Nor do the Corbynite apparatchiks appear to be directing the new generation of militants who are rampaging through constituency parties. No Labour advisers could explain to me why their supporters were targeting popular MPs such as Stella Creasy. She’s one of Westminster most interesting feminist voices, I said. She made the life of the poor and working class better when she helped force the Tories to regulate the payday loan sharks. Why are they going for her?

‘We don’t know,’ they replied. ‘It’s nothing to do with us.’

If this is Leninism, it is Leninism for the Twitter age. Militants whose contribution to the cause of social justice has been to shriek on social media and call total strangers ‘Tory scum’ will persecute any MP to the right of Corbyn and McDonnell, without asking the leadership’s permission or needing its instructions. They just know instinctively that the overwhelming majority of the parliamentary party fails to meet Jeremy’s high standards, and so has to go.

As indeed do the overwhelming majority of the British people. Even Corbyn and McDonnell worry that the killer charge that Labour loves Britain’s enemies more than it loves Britain may resonate with the British electorate. They are preparing a string of admirable initiatives to show that they care about security. The Labour leadership will launch a national campaign to protect the interests of sick veterans back from war. It proposes to highlight new ways of protecting women from rape, and of protecting Parliament itself from terrorist attack.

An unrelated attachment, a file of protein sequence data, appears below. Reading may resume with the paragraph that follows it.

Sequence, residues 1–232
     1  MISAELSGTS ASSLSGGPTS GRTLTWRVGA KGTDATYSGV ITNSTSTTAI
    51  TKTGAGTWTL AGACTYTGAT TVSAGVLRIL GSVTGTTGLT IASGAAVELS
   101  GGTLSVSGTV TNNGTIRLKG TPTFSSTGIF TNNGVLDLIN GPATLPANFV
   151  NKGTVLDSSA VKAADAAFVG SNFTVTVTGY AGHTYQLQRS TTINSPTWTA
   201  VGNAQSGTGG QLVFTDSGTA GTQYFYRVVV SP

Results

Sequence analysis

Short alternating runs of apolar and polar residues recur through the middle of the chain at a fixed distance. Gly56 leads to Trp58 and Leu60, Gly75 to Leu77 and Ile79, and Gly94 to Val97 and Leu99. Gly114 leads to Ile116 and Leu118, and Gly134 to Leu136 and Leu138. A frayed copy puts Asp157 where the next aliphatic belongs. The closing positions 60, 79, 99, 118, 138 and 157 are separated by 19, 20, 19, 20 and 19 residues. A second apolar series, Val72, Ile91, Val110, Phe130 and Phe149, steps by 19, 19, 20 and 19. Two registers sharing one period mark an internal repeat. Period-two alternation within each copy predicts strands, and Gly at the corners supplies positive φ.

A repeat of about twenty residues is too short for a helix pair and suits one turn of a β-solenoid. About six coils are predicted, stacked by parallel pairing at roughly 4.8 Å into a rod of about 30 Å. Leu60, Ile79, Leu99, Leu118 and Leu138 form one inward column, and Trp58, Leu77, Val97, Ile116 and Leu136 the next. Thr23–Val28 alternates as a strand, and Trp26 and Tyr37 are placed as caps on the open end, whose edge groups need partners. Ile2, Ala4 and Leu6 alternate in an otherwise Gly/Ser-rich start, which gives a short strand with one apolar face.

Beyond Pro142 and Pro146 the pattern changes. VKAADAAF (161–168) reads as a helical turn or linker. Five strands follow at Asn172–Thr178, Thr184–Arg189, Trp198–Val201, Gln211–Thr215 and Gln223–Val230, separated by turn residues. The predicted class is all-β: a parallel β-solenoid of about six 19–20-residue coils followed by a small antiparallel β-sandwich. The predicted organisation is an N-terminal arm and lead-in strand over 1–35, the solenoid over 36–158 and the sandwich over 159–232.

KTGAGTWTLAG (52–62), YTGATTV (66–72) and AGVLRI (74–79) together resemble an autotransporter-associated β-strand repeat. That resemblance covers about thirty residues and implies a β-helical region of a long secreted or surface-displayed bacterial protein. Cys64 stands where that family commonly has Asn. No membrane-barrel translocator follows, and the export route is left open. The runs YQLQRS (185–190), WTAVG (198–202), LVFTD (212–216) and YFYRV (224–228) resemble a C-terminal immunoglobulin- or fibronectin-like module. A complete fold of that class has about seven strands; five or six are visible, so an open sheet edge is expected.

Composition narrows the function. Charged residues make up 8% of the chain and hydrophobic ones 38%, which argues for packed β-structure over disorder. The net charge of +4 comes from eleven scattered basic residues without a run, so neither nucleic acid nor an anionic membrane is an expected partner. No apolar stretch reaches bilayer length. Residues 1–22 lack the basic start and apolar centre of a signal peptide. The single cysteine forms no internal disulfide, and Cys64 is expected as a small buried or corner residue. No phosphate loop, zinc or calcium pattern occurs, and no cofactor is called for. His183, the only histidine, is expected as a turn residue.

All worthy proposals, as I said. And all useless, as Corbyn’s aides know. When I asked one what vote she expected her new model Labour party would get at a general election, she said it would be as low as 20 or even 15 per cent.

Her well-grounded despair at what Corbyn is doing to Labour raises Lenin’s old question: ‘What is to be done?’ Corbyn ought to step down for the good of the Labour party and the wider left. His leadership may give the Conservatives a generation in power, and turn Ukip into a serious political force. But the far left that Corbyn comes from does not regard politicians from the Labour mainstream as comrades. In Corbyn’s world they are Blairite hypocrites and traitors, worse even than the Tories, because they sell out the interests of the workers they are meant to champion. I cannot see Corbyn responding to an appeal that he has a comradely duty to put first the interests of a Labour party he despises.

There may be another pressure, however. My conversations have confirmed what we already knew. Whatever his politics, Corbyn is unfit to lead a political party. He cannot cope with the enormous pressure or the relentless scrutiny. One figure close to the leadership said I should not discount the possibility that the strain would become too much for him and that he would step down — as much for the sake of his own health as the health of the Labour party.